Aquino to ASEAN: China reclamation threatens regional security

MANILA  - President Benigno Aquino III on Monday urged his fellow Southeast Asian leaders to take a common stand to protect freedom of navigation and commerce in the disputed South China Sea.

Communications Secretary Herminio Coloma Jr. said Aquino made this call during his intervention at the 26th Association of Southeast Asian Nations (ASEAN) Summit at the Kuala Lumpur Convention Centre in Malaysia.

Aquino said China’s recent massive reclamation activities in disputed territories pose a threat to the region’s security and peace.

“He said that ASEAN centrality should now be clearly demonstrated by ‘expeditiously concluding a legally binding Code of Conduct with China’ that would implement the salient provisions of the declaration made in 2012 by China and ASEAN member countries with claims to maritime entitlements in the South China Sea,” Communications Secretary Herminio Coloma Jr. said in a statement.

Aquino said China’s reclamation activities “are direct violations” of the Declaration of Conduct of Parties in the South China Sea (DOC) and the United Nations Convention on the Law of the Sea.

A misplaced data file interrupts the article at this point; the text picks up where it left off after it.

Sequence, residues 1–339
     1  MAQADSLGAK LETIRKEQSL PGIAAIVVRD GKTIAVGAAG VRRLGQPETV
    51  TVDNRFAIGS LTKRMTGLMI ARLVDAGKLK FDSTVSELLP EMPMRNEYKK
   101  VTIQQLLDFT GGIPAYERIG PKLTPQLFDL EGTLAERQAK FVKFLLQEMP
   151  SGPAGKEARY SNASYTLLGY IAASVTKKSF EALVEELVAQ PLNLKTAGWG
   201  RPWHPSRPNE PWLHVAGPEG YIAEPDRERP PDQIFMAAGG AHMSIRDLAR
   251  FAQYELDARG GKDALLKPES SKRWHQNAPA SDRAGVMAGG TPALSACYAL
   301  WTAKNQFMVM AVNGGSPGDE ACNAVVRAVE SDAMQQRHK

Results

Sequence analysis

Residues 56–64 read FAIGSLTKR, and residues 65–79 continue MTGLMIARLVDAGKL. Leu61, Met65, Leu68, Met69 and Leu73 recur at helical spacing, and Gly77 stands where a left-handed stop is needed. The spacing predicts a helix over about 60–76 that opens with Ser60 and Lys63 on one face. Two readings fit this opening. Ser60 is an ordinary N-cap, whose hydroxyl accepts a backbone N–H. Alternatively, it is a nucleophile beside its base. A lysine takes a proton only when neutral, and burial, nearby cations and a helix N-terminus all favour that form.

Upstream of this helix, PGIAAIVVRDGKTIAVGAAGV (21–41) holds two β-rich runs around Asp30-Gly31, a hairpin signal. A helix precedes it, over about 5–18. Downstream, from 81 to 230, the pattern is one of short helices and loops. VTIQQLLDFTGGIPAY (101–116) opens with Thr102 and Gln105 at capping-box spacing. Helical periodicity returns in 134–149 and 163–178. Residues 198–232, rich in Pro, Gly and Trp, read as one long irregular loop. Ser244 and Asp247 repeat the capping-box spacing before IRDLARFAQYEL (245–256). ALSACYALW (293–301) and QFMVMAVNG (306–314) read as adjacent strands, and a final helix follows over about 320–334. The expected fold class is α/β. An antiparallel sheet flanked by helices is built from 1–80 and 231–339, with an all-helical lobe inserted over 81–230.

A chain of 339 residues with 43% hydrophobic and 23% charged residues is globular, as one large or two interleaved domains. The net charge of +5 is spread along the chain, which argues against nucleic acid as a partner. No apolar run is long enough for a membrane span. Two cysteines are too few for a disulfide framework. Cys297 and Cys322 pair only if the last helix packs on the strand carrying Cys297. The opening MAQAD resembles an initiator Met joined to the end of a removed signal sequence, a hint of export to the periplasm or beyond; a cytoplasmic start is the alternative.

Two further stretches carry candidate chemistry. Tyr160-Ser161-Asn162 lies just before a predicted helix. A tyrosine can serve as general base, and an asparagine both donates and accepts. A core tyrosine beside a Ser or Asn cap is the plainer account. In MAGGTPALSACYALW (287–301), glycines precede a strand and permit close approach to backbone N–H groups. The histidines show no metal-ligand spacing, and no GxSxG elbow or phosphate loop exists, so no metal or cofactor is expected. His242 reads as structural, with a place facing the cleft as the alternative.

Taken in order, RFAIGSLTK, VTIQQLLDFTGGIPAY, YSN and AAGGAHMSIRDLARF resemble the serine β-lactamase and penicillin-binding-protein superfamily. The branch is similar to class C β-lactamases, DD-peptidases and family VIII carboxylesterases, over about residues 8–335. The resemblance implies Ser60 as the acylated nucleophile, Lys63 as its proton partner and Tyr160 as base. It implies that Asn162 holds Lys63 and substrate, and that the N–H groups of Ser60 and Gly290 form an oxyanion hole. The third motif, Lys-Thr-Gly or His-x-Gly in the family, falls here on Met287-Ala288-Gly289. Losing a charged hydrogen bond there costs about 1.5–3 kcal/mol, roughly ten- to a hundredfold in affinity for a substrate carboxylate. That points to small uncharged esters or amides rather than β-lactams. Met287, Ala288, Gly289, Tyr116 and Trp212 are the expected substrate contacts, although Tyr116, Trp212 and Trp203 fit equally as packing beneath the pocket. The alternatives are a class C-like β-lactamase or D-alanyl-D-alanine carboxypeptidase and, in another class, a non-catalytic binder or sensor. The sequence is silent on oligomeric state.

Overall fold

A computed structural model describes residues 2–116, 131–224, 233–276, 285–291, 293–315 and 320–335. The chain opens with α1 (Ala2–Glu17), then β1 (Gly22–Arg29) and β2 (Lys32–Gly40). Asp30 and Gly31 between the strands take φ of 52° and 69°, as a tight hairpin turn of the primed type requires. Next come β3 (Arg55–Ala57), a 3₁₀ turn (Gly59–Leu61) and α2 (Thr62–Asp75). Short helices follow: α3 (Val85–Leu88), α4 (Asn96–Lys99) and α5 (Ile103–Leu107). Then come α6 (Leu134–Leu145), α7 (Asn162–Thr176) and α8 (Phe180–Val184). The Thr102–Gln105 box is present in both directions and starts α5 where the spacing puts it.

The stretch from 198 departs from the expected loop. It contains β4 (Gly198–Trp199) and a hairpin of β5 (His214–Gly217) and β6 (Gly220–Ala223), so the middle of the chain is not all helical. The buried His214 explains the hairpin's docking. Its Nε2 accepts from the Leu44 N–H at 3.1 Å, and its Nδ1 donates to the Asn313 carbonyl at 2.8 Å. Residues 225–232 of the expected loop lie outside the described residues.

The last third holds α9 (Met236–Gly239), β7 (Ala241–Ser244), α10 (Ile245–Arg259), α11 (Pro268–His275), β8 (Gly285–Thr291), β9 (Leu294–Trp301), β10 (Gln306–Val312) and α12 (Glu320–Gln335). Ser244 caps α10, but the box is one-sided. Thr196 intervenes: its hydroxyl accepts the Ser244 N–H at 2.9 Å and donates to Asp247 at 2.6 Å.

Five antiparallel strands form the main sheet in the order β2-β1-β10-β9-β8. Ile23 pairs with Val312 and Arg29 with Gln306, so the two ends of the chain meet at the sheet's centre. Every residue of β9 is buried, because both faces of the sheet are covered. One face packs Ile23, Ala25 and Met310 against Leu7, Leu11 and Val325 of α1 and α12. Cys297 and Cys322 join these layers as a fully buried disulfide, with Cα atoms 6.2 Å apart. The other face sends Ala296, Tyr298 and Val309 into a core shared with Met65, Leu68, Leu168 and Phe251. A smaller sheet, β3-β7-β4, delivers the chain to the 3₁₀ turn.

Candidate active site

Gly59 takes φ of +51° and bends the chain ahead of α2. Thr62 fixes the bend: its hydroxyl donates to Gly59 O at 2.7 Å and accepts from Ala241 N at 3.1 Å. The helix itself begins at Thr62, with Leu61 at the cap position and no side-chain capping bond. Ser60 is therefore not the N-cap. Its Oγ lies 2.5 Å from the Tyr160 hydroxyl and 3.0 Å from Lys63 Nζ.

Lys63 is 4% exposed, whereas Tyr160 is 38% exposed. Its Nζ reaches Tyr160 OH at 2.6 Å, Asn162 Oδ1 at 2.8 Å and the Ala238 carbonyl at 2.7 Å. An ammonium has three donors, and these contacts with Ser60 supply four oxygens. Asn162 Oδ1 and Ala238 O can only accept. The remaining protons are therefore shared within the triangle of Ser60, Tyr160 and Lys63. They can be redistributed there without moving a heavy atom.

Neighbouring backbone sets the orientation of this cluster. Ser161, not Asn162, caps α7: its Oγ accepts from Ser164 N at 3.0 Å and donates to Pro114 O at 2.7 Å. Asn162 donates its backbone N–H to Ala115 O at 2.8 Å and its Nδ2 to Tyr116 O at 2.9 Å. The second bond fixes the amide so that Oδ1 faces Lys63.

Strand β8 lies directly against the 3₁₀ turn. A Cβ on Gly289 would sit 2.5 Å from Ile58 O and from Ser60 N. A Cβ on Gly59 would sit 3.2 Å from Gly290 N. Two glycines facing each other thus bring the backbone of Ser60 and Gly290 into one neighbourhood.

He added that the reclamation activities “cause irreparable loss and damage to the marine environment, threatening the livelihood of people living in the coastal communities.”

Aquino cited paragraph 5 of the DOC, which states that nations should exercise self-restraint in conducting activities that would complicate or escalate disputes and affect peace and stability.

These activities include inhabiting on the presently uninhabited islands, reefs, shoals, cays and other maritime features.

Aquino also thanked other nations such as the Group of Seven (G7) countries for opposing China’s illegal reclamation.

During the opening of the ASEAN summit this morning, Malaysian Prime Minister Dato’ Sri Mohd Najib bin Tun Abdul Razak expressed support for the Philippines’ position to resolve the South China Sea dispute in accordance with international law.

“Respect for international law, including the 1982 United Nations Convention on the Law of the Sea, must be the basis of the rules of engagement and activities in the South China Sea,” Najib said.

“While we continue our engagement and cooperative relationships with countries outside ASEAN, we need to peacefully manage differences closer to home, including overlapping maritime claims, without increasing tensions,” he added.

Najib said the ASEAN must address the developments in the disputed sea in a “proactive, positive and constructive way.”